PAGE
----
South Asia's regional grouping suffers knockout with pullouts
Regional cooperation under the aegis of the South Asian Association for Regional Cooperation (Saarc), South Asia's grouping, suffered a blow when India, Bangladesh, Bhutan and Afghanistan announced they will not attend the 19th summit in November, in a likely fallout of the mounting friction between New Delhi and Islamabad - which was to host the summit. Here are excerpts from commentaries in Asia News Network papers:
"When we speak of Saarc, we usually hear two reactions - cynicism and scepticism," Indian Prime Minister Narendra Modi told the 18th Kathmandu summit, which was to be held in 2012 but was postponed to 2014.
"Yet, South Asia is slowly coming together," he added.
Given that the latest summit postponement is the ninth since Saarc came into being in 1985, one wonders whether the regional grouping is falling apart.
The 19th Saarc summit scheduled to be held in Islamabad on Nov 10 and 11 has gone for a six! It was postponed after Bangladesh and India had communicated their inability to attend to the Saarc Secretariat. Reportedly, Bhutan and Afghanistan have also communicated their reservations to Nepal, which holds the current chairmanship of the organisation.
Since the presence of all the member states is required as per Saarc's rules for the holding of its apex meetings, we do not know when the summit might be held. However, as India was represented at the recently held anti-corruption meeting in Islamabad, India's decision has surprised a few. Nevertheless, many saw this coming after what happened in Uri (a deadly assault left 18 soldiers dead at the Indian army base).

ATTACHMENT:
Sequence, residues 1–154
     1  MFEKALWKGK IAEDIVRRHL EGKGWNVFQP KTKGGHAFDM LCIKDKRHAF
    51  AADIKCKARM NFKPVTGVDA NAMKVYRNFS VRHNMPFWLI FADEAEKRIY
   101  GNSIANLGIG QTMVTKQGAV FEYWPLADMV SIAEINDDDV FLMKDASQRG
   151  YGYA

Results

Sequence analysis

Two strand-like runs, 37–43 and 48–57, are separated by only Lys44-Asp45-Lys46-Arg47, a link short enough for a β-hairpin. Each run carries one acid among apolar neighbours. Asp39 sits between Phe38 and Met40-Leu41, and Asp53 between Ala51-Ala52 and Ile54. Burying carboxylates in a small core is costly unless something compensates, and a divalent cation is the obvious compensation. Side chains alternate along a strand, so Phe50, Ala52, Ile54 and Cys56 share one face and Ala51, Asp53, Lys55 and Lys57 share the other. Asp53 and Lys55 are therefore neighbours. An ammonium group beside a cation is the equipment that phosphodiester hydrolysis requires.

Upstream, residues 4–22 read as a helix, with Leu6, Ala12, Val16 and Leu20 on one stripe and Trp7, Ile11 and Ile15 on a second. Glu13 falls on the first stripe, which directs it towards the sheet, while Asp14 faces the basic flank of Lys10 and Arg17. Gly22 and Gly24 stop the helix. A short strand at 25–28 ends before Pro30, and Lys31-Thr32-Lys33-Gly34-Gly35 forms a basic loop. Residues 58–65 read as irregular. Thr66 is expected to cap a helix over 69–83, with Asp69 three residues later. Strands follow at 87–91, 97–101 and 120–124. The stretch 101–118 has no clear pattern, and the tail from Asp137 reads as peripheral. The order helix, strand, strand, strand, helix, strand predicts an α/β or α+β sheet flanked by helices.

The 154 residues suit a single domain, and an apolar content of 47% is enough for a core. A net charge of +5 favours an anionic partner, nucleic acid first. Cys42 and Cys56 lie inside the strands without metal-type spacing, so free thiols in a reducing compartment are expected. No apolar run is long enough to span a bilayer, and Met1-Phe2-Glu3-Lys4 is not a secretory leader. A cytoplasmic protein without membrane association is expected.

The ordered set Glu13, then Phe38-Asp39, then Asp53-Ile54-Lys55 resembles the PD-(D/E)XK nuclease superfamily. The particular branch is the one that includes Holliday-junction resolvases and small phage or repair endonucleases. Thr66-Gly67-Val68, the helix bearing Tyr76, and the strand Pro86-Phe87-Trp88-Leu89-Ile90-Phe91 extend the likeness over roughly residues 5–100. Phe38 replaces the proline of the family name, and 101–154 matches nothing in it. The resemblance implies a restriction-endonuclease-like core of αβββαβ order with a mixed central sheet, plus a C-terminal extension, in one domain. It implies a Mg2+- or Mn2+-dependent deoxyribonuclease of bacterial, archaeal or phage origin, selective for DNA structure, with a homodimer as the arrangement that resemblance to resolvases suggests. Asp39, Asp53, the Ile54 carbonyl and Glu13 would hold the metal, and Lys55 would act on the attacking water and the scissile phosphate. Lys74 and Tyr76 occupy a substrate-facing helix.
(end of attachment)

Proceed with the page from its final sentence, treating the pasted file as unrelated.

India's justification is predictable. Its explanation is that "increasing cross-border terrorist attacks in the region and growing interference in internal affairs of member states by one country have created an environment that is not conducive to the successful holding of the 19th Saarc summit in Islamabad".
Bangladesh has decided to abstain on the grounds of Pakistan's repeated interference in its internal affairs .
This is not the first time that a Saarc summit has been postponed, but only once was it for a force majeure, imposed by the 2004 tsunami. Of the rest of the eight summits, including this one, all were due to concerns of security and bilateral tensions.
In its very chequered existence, Saarc has had to encounter many ups and downs, and mutual animus and distrust between India and Pakistan have dictated primarily the course it traversed. In fact, rhapsodic though it sounds, "collective self-reliance" was the motive force behind the formulation of the association.
Not boycotting but utilising the summit to address the regional concerns should be the agenda. And what better platform can there be than Saarc?
A rethink on the decision to boycott, I feel, is in order.
So what's in store?
The Statesman, India
India's Foreign Minister Sushma Swaraj may have sounded belligerent in her speech at the United Nations. But she indicated India's exasperation over Pakistan's interference in Kashmir or elsewhere. After the killing of jawans (soldiers) at Uri, one widely supported demand is retaliation.
Prime Minister Narendra Modi has promised counteraction at a time and the place of India's choosing. What would be India's next step is not yet known but the retaliation part is very much true. It is a sad option and to exercise it without action requires patience, which is getting exhausted. War is not considered an option. Yet what is the way out?
Pakistan had admitted that some non-state actors could have indulged in the attack at Uri. But now, after the whole world has expressed horror over the Uri incident, Islamabad says that India had stage-managed Uri and Pakistan had no hand in it.
But how does it explain that its soil was used by the forces who attacked Uri?
Pakistan has raised the Kashmir issue to divert attention from everything else. It expects New Delhi to participate in the talks which it would initiate.